This is an update to a previous post on using SqueakSSL with Seaside but with specific instructions for Windows.
Note: If you are a long-time user of SqueakSSL, you will want to update both the SqueakSSL packages as well as download the latest plugin since there have been a few changes done for this article.
Using Seaside with SqueakSSL on Windows is not much different from using it on Linux. The biggest difference is in handling certificates which is poorly documented by Microsoft and often a guessing game. So before we begin with the actual content we need a brief introduction to working with certificates on Windows:
1. Creating Certificates
Windows uses (mostly) .pfx files for storing certificates. Your CA (if you bought a certificate) might be able to give you one right away but often you will end up with a .cert or .pem file and have to convert those. Fortunately, this can be done using the OpenSSL toolchain. For example, when converting mycert.cert and mycert.pem into mycert.pfx run openssl as follows:
openssl pkcs12 -inkey mycert.pem -in mycert.cert -export -out mycert.pfx
Voila, there is your .pfx file. And if you have any other certificates that you need to convert, spend some time with the openssl documentation. It’s worth it.
2. Importing Certificates
On your windows box, make sure you’re logged in as the user you want to run Seaside under. Next, open the explorer and navigate to the .pfx file you want to import. You should make sure that the icon for the file includes a little key in it – what that means is that the certificate includes a private key which is required for the use by SqueakSSL. If the certificate has no private key it will not work.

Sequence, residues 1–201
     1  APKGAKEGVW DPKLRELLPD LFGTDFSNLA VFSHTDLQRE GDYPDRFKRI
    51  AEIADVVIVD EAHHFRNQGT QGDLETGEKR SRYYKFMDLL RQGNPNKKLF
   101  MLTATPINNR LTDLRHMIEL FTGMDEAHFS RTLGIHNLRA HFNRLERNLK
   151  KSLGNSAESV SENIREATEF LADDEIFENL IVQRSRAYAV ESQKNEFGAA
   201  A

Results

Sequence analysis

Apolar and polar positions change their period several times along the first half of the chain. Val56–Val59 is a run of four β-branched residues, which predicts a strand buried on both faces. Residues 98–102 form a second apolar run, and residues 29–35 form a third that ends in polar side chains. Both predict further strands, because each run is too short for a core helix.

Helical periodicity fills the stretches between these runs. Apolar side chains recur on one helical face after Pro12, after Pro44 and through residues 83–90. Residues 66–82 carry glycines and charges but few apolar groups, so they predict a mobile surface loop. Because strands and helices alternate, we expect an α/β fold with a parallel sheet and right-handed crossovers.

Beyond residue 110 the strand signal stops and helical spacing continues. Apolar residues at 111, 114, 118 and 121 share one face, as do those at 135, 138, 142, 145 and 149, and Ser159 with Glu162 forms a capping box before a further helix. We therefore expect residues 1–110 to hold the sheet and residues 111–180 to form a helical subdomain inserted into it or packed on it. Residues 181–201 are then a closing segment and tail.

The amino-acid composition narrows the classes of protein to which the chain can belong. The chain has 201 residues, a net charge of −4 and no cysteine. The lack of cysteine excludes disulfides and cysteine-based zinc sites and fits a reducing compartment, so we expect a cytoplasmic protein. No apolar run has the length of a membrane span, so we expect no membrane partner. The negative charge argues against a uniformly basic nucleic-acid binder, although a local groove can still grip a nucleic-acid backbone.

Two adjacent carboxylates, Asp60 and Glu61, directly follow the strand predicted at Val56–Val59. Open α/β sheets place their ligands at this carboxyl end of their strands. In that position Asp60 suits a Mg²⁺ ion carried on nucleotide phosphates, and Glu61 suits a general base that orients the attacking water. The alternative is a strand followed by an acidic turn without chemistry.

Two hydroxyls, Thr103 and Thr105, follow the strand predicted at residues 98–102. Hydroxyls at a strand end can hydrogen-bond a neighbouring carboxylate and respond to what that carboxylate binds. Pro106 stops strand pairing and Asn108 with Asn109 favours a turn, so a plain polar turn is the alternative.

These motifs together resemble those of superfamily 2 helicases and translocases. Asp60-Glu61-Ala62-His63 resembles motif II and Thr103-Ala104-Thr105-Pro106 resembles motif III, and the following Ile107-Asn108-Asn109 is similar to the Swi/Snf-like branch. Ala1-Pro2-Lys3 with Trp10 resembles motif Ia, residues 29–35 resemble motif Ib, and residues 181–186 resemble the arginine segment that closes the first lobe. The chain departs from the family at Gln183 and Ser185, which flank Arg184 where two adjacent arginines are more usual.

Double-click on the file to import it into the certificate store. This will open the Certificate Import Wizard. Go through the Wizard (all the defaults should be okay) and the import should complete successfully.
3. Finding Certificates
Once imported you will want to check that the certificate is in the proper location. Unfortunately, Microsoft makes finding certificates amazingly difficult. First, run the “mmc” command (i.e., go to the start menu, type “mmc” into the run command box, and hit enter to launch it). Inside MMC, go to “File”, “Add/Remove Snap-in…”, select “Certificates” from the left list, and hit the “Add” button. Choose “My user Account” when asked for the account from which to view certificates, and then hit “Finish”, and “OK”. Inside MMC, you will now see the certificates. Open the tree, and select the certificates under “Personal”. You should be able to see your imported certificate like here:
Note that you can import certificates from here as well. But more importantly, you can right-click on the certificate, select “Properties” from the context menu and edit the “Friendly Name” for the certificate. This is important since the friendly name is what will be used by SqueakSSL to select the proper certificate.
4. Using the Certificate
Once you have installed the certificate, you can follow the instructions from the previous post with the following adjustments:
- Download and Launching Squeak:
Launch Squeak.exe instead of squeak.sh
- Download and install SqueakSSL:
Put the file SqueakSSL.dll from the binary download next to Squeak.exe
- Install SqueakSSL and WebClient:
No changes here.
- Setting up Seaside:
Instead of the path to the .pem file use the “Friendly Name” of the certificate
- Trying it all out:
No changes here
Once everything is done, you’ll have Seaside running with SqueakSSL on Windows.